A recent visit to Prague was motivated in large part by a desire to see friends we’d made while living there some years ago. But naturally, once there we spent most of our time exploring the cultural and art offering of the city. So in my reckoning, I classed as a ‘cultural tourist’ more than a ‘friends and family’ (VFR) one.
My first observation is that, key visitor attractions aside, it isn’t easy to find a way beyond the obvious and deeper into the riches the city contains. Even in this age, internet searches pulled up little more than the mainstream tours; and it was lucky I knew – from having lived there – that there are jewels of fine and decorative art museums, respected concert halls and underground art cinemas. Even then, checking online for their performance schedules or opening times led me to websites that (although in English, just) looked like they have been built at the Big Bang of internet invention, and not updated since. Web 2.0 it isn’t.
And it seems a shame, and that they’re missing a big trick. For when we did arrive at these museums, cinemas or opera houses, we found that, for the English-speaking visitor at least, the service was service was excellent, the interpretation, labelling, sub- and sur-titling comprehensive (and comprehensible), the quality of the art new, intriguing or excellent as required. And cheap! Even though food, transport and other prices in Prague have shot up, the price of entry to these national art treasures remains ridiculously cheap. Though they could clearly do with more money, and increasing their overseas visitor numbers (let alone prices) would surely help. See my blog Exploring Prague for some examples – and ideas for exploring beyond the tourist rounds.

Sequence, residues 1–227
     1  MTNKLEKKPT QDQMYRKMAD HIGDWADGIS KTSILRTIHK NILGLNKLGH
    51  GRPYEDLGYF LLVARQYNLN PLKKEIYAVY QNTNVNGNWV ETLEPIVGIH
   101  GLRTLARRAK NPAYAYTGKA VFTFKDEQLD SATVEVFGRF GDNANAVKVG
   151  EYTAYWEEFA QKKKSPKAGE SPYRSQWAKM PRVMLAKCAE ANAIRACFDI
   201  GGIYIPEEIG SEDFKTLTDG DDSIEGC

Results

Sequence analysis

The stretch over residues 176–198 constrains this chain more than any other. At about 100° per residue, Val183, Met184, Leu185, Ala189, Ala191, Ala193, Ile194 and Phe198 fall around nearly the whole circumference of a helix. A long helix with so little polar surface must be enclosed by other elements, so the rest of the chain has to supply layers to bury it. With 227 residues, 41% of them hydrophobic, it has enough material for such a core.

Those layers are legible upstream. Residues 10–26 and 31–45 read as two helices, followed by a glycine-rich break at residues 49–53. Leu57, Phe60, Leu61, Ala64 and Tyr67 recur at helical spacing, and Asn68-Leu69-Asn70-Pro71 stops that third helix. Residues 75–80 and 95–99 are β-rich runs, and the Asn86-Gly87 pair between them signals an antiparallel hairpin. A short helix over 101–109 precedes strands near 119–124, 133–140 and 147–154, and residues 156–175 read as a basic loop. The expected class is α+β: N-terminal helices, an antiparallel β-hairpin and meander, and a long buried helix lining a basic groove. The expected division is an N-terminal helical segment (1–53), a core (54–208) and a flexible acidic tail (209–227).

So is there anything British cultural organisations can learn about boosting cultural tourism from the Prague example?
From the negative, we could realise the importance of translating our websites – or at least the main explanation and visitor information – into the most important other languages for potential visitors, so the sites can be found through foreign-language search engines while visitors are planning their trip, in the flush of enthusiasm and while they still have cheap internet access at home.
And from the positive, the degree to which English labelling is available is impressive. We were even able to attend the opera, seeing The Makropolous Case in Czech, because the whole thing was subtitled in English. It seemed to be standard practice. But when I mused with my Czech friends about what language British cultural provision should adopt for live performance subtitling, they were unanimous – English! So much of our country’s appeal is in our language, and the fact that people from so many countries want to learn English. It motivates many visits. But once here, it’s hard to use the visit to improve. Hard to get their ‘ear in’. In London (at least) it’s likely they will hardly ever hear English spoken by someone for whom it is a mother tongue. But they are reluctant to attend the theatre, films or opera for fear of not really understanding the language in situ. So backing up what they hear, with a written version would both promote their enjoyment and add a learning opportunity to boot.
So come on, let’s view sub-titles or sur-titles – whether in the theatre, opera or cinema – not as a cost or as a rare nod to the deaf and hard of hearing (though they will benefit too) but as an opportunity to increase income from the overseas visitors to Britain.